Thomas Lawrence Merchant. Resident in Hamburg in 1650 and also in ?1658.[61]
Samuel Missenden Probably a merchant. Possibly a mercer. Resident in Hamburg in 1679. Son, also named Samuel Missenden, apprenticed in 1679 to William Gore, Merchant Adventurer.[62] Probate record for Samuel Missenden, Deputy Governor of the Right Worshipfull Fellowship of Merchant Adventurers of England of Hamburg, proven Jan 1690.[63]
Tobias Payne (b. pre-1640; d.?). Merchant. Born Townhope in Hereford. Cashier with Alderman Adams in London, 1650-1653. Apprentice to Richard Twyford, Hamburg merchant, in Hamburg (1654-1662). Independent merchant in Hamburg (1663-1664). Time in Barbados and Jamaica, then to Boston, New Rngland in 1666, where he married Sarah Standish, widow of Captain Miles Standish and daughter of John Winslow, merchant of Boston.[64]



1641 petitioners



Paul Bayley


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Martin Bently


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Thomas Bird


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David Bonnell


HCA references

David Young against David Bonell, 1658...Deposition of William Hobcroft, wine cooper, of Saint Dunstans in the East, aged 41...hee saith hee this deponent being imployed by the sayd David Bonnell to receave the sayd oyles after they were brought to London[65]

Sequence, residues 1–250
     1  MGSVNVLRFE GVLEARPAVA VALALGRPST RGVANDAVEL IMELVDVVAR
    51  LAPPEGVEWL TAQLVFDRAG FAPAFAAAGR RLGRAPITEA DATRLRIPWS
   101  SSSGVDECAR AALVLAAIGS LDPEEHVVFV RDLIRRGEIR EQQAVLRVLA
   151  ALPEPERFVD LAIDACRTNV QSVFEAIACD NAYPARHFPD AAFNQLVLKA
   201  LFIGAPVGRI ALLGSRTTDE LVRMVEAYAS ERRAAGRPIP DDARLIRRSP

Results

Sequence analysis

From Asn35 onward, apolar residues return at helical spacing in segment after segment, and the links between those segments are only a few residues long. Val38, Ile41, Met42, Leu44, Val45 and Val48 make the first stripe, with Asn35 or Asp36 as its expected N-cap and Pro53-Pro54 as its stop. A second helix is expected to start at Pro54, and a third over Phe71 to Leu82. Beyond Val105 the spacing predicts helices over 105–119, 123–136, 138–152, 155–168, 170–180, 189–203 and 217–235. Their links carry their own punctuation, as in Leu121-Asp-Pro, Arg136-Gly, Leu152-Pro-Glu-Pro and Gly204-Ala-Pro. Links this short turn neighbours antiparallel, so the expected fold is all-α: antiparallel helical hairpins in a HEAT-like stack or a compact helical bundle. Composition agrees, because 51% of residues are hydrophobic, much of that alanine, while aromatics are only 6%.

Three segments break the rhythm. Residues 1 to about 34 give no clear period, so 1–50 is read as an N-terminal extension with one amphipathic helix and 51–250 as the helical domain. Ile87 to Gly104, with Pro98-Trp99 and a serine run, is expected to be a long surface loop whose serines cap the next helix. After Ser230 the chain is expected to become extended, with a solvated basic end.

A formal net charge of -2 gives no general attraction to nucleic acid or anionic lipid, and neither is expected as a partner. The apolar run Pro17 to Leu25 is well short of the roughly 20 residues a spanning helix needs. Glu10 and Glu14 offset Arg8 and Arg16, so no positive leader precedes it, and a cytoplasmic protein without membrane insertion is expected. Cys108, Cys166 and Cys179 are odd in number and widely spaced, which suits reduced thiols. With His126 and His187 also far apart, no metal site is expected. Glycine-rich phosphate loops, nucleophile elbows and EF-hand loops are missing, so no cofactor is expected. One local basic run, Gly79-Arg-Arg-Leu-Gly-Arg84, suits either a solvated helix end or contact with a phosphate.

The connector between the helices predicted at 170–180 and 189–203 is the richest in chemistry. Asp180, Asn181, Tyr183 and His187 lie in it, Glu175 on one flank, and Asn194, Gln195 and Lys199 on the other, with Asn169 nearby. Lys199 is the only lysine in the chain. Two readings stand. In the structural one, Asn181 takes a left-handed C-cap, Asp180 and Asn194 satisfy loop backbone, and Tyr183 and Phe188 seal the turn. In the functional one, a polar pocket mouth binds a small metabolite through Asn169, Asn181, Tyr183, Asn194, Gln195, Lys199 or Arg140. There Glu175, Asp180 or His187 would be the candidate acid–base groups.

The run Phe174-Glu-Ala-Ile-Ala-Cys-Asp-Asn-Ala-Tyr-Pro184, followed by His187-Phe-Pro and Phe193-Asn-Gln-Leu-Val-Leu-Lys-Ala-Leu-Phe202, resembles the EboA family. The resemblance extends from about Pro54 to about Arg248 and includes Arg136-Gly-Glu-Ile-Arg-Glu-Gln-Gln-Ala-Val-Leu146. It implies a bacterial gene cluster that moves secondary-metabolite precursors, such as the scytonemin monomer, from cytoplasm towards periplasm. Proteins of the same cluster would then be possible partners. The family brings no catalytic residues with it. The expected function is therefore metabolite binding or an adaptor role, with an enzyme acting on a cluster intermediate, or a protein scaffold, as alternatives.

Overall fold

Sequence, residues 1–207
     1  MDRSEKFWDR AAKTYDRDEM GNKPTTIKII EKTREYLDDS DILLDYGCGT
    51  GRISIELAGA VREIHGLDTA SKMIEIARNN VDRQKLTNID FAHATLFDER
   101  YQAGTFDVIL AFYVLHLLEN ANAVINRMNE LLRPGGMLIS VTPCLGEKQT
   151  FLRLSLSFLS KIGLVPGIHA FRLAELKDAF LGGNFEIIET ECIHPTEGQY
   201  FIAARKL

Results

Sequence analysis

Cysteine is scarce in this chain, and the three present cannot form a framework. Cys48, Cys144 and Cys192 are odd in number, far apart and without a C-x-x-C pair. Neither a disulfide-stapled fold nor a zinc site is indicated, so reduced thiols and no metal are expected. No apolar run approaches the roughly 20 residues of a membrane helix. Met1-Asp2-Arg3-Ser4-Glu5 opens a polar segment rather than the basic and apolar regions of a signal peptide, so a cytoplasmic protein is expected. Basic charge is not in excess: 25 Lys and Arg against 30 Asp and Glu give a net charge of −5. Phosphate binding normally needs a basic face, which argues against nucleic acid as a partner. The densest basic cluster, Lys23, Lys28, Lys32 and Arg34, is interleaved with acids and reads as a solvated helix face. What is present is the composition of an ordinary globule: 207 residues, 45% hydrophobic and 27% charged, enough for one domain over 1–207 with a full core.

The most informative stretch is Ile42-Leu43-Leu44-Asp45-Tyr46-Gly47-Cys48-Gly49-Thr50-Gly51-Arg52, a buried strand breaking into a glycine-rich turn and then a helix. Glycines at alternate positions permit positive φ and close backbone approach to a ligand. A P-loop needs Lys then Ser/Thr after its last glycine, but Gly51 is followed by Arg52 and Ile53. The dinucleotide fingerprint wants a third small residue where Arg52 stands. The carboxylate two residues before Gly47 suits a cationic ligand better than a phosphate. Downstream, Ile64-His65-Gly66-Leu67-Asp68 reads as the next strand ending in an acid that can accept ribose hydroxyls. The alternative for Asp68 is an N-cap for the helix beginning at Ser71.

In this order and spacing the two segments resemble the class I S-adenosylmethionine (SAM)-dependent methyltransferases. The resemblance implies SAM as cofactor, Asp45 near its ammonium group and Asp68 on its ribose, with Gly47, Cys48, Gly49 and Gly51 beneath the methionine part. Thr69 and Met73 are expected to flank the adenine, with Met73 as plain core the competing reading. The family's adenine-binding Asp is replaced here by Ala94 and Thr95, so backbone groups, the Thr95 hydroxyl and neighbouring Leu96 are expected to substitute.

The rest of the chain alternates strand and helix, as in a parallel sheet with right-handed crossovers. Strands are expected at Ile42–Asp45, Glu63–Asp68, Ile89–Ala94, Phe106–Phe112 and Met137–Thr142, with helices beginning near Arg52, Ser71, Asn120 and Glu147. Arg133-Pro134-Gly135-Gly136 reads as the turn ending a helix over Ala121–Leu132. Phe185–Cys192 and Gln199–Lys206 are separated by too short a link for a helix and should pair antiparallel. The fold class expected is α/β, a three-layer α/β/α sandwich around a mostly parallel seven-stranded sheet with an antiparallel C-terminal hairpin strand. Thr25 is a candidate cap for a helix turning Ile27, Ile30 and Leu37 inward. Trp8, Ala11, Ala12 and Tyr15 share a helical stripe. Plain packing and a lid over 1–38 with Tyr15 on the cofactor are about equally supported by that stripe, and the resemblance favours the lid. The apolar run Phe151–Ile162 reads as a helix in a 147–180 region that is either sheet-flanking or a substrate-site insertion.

A 'David Bonnell, merchant, Fenchurch Street, London, is listed in 1642.[66]

Other primary sources

PROB 11/144/331 Will of Daniel Bonnell, of the French Church of Norfolk, Norwich 26 October 1624

PROB 11/177/363 Will of David Bonnel or Bonnell, Merchant of London 20 June 1638

C 8/61/29 Short title: Norton v Bonnell. Plaintiffs: Richard Norton. Defendants: David Bonnell and Paul Bonnell. Subject: money. Document type: answer only. 1645

"July 30. 1652. Council of State. Day's Proceedings...2. License to be given to David Bonnell, merchant of London, to import from Holland, by way of Flanders, certain goods manufactured there, bought by him, he giving in a list to the clerk of the Council."[67]

C 10/109/63 Hewett v. Watts, Bushell, Noell, Bonnell, Rastall, Bicknell: Middx 1663

Saint Dunstan in the East. West side...Daved Boonale 15 hearths.[68] [See also David Bonnell of Isleworth, Middlesex, will proven 1690]

"Islworth Parish...David Bonnell 6 hearths"

PROB 11/401 Dyke 134-172 Will of David Bonnell of Isleworth, Middlesex 13 October 1690



Lawrence Brinley


Lawrence Brinley. (b. ?; d. ca. 1662). Haberdasher and merchant.